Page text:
Based in Utah, the Vice President of Forest Carbon Projects will work closely with the Blue Source forestry teams based in San Francisco and Salt Lake City to identify and contract new forest carbon projects. The position requires leading business development and outreach to forest landowners, negotiating landowner contracts, and supporting analysis of management plans and projection of timber and carbon revenue. The successful candidate will have a Bachelor’s or graduate degree in forestry, a personal network of forest owners, a proven track record of business development, and at least five years of experience in forest property and timber sales.

Read more about the position here


Forest and Climate Change Consultant – “sterreichische Bundesforste AG

Based in Pummergasse, Austria, the Forest and Climate Change Consultant will work with the international consulting department of Austrian Federal Forests to acquire projects, network with partners, and carry out short- and medium-term consultancy missions. The successful candidate will have a university degree in forestry or a related discipline and at least three years of post-graduate work experience. Familiarity with international policy negotiations related to REDD+ is a plus, as are technical skills in conducting terrestrial forest inventories through remote sensing.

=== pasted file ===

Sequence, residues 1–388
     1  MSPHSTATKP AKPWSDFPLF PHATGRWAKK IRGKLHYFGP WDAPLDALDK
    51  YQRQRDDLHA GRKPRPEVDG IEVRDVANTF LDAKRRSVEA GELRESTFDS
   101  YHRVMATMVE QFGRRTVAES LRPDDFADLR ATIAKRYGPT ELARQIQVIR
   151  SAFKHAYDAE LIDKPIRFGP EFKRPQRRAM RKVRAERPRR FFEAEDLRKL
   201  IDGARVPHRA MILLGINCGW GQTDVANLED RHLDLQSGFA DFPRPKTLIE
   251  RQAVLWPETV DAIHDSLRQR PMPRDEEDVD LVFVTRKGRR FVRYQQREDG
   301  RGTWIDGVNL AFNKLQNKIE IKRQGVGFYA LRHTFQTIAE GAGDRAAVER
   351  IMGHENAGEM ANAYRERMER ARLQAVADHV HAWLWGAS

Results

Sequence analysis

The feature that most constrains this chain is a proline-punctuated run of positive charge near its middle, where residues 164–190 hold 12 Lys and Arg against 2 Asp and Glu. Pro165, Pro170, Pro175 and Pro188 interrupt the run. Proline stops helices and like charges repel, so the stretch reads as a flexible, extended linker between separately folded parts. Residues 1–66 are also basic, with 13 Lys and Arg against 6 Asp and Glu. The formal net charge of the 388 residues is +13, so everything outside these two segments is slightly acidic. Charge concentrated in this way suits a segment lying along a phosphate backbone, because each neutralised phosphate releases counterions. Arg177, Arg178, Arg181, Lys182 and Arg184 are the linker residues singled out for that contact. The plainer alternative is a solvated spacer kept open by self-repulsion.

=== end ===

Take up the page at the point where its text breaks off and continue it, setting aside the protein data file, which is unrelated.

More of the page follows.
Read more about the position here


Staff Auditor Rainforest Alliance (RA)

Based in New York, the Staff Auditor II will conduct carbon certification audits for RA-Cert’s Carbon Services, including audit scheduling, on-site visits, and report writing. Successful candidates will have a Master’s degree in forestry, ecology, or natural resource management and a minimum of four years of field work experience in forest management, geospatial analyses, forest carbon project development or a related field.

Read more about the position here

ABOUT THE FOREST CARBON PORTALThe Forest Carbon Portal provides relevant daily news, a bi-weekly news brief, feature articles, a calendar of events, a searchable member directory, a jobs board, a library of tools and resources. The Portal also includes the Forest Carbon Project Inventory, an international database of projects including those in the pipeline. Projects are described with consistent ‘nutrition labels’ and allow viewers to contact project developers.